Earlier, the runners had each run 10 kilometers from Kuala Lumpur to the stadium. The excitement was palpable with the crowd roaring as the runners circled the stadium and lighted the cauldron of artificial fire to officially start the GDOP event.

This was followed by a song presentation led by Pr Alvin Tan and accompanied by tambourine dancers and flag bearers. NECF Chairman Rev. Eu Hong Seng then welcomed the various language groups - Bahasa, Mandarin and Tamil - as well as the indigenous Orang Asli group.

Thereafter Pr Alvin and his team led the crowd in a time of praise and worship, which started off upbeat and highly-charged and then slowed down to a hushed reverence as the crowd meditated on God's lovingkindness and everlasting love.

DUMC Senior Pastor Dr Daniel Ho gave the exhortation for God's people to return to Him so that we might begin to change the destiny of the nation. He reminded the people that it was God's desire to see Malaysia flourished but Satan had robbed and plundered the resources of this great land.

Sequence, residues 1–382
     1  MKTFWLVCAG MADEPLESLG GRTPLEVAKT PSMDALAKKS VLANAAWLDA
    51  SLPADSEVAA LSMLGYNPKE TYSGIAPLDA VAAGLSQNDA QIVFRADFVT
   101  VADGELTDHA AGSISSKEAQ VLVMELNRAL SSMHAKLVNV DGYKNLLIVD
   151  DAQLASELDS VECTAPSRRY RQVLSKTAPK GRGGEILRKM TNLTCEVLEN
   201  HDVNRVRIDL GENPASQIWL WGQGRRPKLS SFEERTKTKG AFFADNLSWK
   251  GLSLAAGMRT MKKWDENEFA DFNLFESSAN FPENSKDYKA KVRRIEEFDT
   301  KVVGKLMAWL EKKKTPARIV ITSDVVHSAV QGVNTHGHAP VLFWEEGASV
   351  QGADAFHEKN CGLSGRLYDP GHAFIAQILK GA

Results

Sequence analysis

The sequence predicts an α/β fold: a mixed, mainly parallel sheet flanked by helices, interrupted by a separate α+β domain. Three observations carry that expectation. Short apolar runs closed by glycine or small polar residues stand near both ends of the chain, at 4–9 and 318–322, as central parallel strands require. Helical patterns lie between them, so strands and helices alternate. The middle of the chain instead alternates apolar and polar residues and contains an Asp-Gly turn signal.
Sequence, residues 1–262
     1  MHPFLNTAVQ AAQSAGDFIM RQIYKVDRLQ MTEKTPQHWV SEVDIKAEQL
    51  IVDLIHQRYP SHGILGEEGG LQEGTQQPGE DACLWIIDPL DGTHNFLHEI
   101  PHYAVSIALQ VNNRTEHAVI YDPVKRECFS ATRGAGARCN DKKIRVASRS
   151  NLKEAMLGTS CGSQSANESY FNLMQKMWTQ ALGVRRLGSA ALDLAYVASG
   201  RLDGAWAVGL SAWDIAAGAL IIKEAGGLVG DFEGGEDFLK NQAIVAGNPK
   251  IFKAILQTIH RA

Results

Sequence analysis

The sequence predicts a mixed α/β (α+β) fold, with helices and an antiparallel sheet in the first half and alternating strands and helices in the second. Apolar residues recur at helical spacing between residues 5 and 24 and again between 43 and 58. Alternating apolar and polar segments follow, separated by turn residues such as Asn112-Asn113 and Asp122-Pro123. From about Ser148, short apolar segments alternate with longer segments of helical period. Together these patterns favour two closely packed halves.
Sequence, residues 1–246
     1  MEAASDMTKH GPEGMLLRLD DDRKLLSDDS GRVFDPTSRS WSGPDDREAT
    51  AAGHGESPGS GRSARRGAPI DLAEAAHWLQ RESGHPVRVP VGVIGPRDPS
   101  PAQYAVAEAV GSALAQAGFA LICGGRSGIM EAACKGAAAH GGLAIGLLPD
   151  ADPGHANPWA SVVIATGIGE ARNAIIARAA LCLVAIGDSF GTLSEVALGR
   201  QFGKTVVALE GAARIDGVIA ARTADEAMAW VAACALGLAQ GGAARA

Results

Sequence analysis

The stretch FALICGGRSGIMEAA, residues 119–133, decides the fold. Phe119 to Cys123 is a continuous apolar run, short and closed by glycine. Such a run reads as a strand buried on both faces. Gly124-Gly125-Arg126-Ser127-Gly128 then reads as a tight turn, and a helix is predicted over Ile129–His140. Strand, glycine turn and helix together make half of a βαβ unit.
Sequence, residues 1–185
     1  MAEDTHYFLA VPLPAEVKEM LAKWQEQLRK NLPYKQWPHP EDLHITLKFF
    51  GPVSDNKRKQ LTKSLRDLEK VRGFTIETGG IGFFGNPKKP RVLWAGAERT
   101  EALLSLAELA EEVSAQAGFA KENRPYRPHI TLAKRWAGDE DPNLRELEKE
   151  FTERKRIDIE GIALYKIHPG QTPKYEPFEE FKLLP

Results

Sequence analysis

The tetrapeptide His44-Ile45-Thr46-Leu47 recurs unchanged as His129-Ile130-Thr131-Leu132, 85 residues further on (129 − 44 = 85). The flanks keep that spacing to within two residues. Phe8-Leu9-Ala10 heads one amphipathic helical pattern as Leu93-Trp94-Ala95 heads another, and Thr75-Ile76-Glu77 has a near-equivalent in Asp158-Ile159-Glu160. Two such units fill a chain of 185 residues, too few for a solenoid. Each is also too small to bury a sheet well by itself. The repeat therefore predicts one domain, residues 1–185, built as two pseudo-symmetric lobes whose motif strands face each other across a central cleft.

It is now time for the people to awaken, repent and allow God to restore this land to its rightful place. In other words, we are to be a "life-giving seed" to the nation.

As the evening progressed, several pastors and church leaders were invited up stage to pray for the various aspects confronting our nation.

Pr Phua Seng Tiong prayed a prayer of repentance and sought forgiveness from the Orang Asli representatives on behalf of the Malaysian Church for having neglected the plight of the Malaysian Bumiputera Church.

Throughout the night, there was much singing and prayer and many dropped to their knees as they cried out for the nation.

SIB Kuala Lumpur Senior Pastor Dr Chew Weng Chee ended the programme by calling all pastors to go up front whereupon he prayed for God's blessing and anointing on them as spiritual leaders of the church of Christ.

Many attendees commented that the evening was "electrifying" and commended the organising committee led by Elder Dr Tan Nget Hong and Pr Looi Kok Khim, the worship team led by Pr Alvin and the 600 volunteers for the excellently-executed event.

To God be the glory for the great things he has done!